Sunday Book Review: Frog Music by Emma Donoghue

Frog MusicFrog Music??by Emma Donoghue is a historical novel, based on true events in San Francisco in 1876. Jenny Bonnet was shot after she and Blanche Beunon had left Chinatown for San Miguel in a type of ‘Thelma and Louise’ girly getaway. The murder of the real Jenny Bonnet was never solved and Donoghue has put her own suggestions forward in this novel as to whom the killer may have been. The result is an intriguing story. Bonnet had been imprisoned for wearing men’s trousers when she and Blanche met and formed an unlikely friendship. Blanche was a French circus girl and having moved to San Francisco with her boyfriend Arthur and his friend Ernest. She becomes a dance girl and prostitute. Within 18 months of moving to the city, she has earned enough to purchase the house, letting out apartments to various tenants. She also earns enough money to keep the two men in her life, all they seem to do is gamble.

Blanche and Jenny assume quite ‘masculine’ roles in the patriarchal society of 1876. I had never realised that wearing men’s clothing was illegal then, the story of Calamity Jane made me think it was unusual, not necessarily accepted but not against the law in some areas. Jenny sells frogs to the various restaurants and is independent financially. Her background is a mystery to us and to Blanche and it is slowly revealed over the course of the novel. Although Blanche sells her body, she is financially independent and is a property owner.

When Jenny makes Blanche question the fact that she left her baby at a baby farm as she was working and that was the way it was done in France, she discovers he isn’t living in the healthy countryside with a wet nurse as she had presumed but dying slowly in an overcrowded house in the sweltering city, she retrieves him and struggles to cope with the changes to her life. ?Her whole persona changes and with it come some serious changes to her life. A altercation with Arthur and Ernest means that she leaves her home and her baby, when she returns they are all gone and it’s the start of her frantic search for her son.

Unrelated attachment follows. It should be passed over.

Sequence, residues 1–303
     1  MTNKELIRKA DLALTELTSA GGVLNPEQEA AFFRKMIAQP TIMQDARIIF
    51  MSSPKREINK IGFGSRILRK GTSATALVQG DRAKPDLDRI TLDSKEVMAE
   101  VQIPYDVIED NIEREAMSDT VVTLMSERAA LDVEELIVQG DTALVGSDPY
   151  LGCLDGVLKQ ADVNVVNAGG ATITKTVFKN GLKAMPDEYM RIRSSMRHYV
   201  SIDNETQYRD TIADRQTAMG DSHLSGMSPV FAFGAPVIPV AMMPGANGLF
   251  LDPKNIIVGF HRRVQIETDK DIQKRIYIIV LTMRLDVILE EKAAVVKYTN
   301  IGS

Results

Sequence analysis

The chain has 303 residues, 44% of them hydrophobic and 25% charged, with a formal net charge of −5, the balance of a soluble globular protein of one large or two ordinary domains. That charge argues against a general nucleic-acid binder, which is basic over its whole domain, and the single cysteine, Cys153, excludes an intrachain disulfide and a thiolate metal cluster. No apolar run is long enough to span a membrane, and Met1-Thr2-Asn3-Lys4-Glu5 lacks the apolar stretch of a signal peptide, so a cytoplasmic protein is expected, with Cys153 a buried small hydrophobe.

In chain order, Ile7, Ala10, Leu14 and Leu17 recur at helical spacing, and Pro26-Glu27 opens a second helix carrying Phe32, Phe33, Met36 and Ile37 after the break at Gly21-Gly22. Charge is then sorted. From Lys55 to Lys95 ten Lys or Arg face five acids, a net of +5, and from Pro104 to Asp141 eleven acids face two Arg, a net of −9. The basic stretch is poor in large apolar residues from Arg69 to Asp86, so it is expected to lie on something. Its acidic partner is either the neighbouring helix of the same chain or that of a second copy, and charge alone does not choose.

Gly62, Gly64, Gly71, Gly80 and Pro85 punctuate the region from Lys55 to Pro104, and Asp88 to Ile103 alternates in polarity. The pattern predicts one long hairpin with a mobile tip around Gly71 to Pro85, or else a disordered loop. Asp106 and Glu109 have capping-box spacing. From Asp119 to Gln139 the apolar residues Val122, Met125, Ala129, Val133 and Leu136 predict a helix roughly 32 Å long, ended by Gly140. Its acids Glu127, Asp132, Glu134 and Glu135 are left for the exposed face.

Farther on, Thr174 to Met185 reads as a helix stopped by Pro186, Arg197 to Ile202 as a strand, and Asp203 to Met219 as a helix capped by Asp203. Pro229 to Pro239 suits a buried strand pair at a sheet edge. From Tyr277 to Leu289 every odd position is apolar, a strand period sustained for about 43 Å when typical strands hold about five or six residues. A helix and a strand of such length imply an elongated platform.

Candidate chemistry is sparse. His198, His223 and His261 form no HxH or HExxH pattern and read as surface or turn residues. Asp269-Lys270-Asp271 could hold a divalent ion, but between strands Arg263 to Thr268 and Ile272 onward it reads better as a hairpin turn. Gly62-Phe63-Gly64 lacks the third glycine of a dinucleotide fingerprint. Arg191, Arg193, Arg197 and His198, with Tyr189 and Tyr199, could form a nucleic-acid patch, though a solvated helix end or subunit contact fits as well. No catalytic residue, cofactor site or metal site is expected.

The story is told in various flashbacks. It moves from the developments of the murder scene and Blanche’s attempts to recover her son and find out who killed Jenny to back over the events of the previous month so we gradually learn more about the relationship between these two women at the same time as reading about ‘current’ events. The result is an intriguing read in a well written and woven tale. ?The book does transport you to a San Francisco that is steaming with a heatwave, overcrowding and fraught with the fear of catching smallpox which seems to be rampant. The Chinese seem to be carrying the blame for the spread of the disease and there are racially motivated attacks. The heat, the worry, the spread of disease, the wealth, the poverty – all seems to be coming together like a volcano and it’s a case of waiting for the lava to start flowing.

Through Blanche’s eyes, we see a critique of society. It is a world where a cross dresser provokes attention, a woman wearing trousers is imprisoned yet babies are slowly murdered by a slow neglect in baby farms and children as young as ten can be sourced for prostitution.

I’ve enjoyed all of Donoghue’s novels that I have read over the years; Room, Slammerkin, The Sealed Letter and her book of short stories Astray, and Frog Music?didn’t disappoint at all. Thoroughly enjoyed it.


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